Saturday, June 30, 2007
Someone has loaded a batch of canonical images of women from art history (i.e. Botticelli's Birth of Venus, Ingres's Princesse de Broglie, Rubens's wife) into an animation program and done morphing transitions between each. It's pretty neat.
Wednesday, June 27, 2007
Agnes Martin. Alexander Liberman (American, 1912–1999)
Gelatin silver print, 1973
22.5 x 33cm (8 7/8 x 13 in.)
My boyfriend in college (Lance) and his two best friends (Mike and The Mayor's Daughter) were writers. Well, they wrote things. I'm not actually sure you can call a college student a writer - in fact, I'm never really comfortable calling anyone a "writer": there are questions of quality and professionalism, focus, output... I just don't know.
This deconstructivist tendency of mine is in fact a relic of that time. Lance and his friends had used drugs and a Lou Reed live album to re-teach themselves how to talk, and they talked about writing - and occasionally music - without cease. I loved it, but after a few years in their orbit, I distrusted words so thoroughly that it once took me nine excruciating pages of tiny handwriting to tell a guy that I was mailing his wallet back to him after it had fallen out of his pocket while we were making out on my couch. That was my first letter to Bob, and, amazingly, not my last.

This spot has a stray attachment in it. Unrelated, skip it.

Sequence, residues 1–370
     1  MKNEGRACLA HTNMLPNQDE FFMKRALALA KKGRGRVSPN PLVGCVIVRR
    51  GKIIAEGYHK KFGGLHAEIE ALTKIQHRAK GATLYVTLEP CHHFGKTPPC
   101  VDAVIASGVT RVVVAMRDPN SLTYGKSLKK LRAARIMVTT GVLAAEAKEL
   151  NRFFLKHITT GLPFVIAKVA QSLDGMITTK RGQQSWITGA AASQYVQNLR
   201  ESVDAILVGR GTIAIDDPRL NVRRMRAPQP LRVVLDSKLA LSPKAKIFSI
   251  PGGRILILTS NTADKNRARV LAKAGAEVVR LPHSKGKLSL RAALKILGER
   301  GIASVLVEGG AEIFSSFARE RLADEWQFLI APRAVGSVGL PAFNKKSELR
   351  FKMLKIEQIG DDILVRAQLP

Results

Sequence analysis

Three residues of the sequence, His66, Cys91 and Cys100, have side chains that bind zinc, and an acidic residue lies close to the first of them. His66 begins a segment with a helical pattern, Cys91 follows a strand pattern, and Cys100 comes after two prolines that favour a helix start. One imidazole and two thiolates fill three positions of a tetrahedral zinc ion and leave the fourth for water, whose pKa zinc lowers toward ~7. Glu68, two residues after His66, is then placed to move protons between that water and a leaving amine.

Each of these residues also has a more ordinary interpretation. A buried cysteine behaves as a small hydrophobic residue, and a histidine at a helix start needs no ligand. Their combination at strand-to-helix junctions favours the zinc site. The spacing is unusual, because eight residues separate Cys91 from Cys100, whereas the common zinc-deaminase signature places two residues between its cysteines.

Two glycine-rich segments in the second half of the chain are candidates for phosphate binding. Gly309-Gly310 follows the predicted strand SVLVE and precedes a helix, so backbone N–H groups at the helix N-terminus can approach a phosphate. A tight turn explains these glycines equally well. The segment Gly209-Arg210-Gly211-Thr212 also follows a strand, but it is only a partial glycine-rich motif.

So... writer? I don't know. Assembler of sentences. User of written language for the purpose of self-expression. Whatever it was, Lance, Mike and The Mayor's Daughter did it. Even then more of an editor and critic than writer myself, I read what they wrote, and I liked it. Lance once wrote a story so thwarted and incoherent, I think it might be the truest imprint of suburban white college boy I've ever held in my hands. I still have it around here somewhere.
Unfortunately, into their groping, doubt-full intellectual lives came a visiting professor, a published author there to teach creative writing. And if they (and I) didn't know what a writer was, by god Lee K. Abbott did.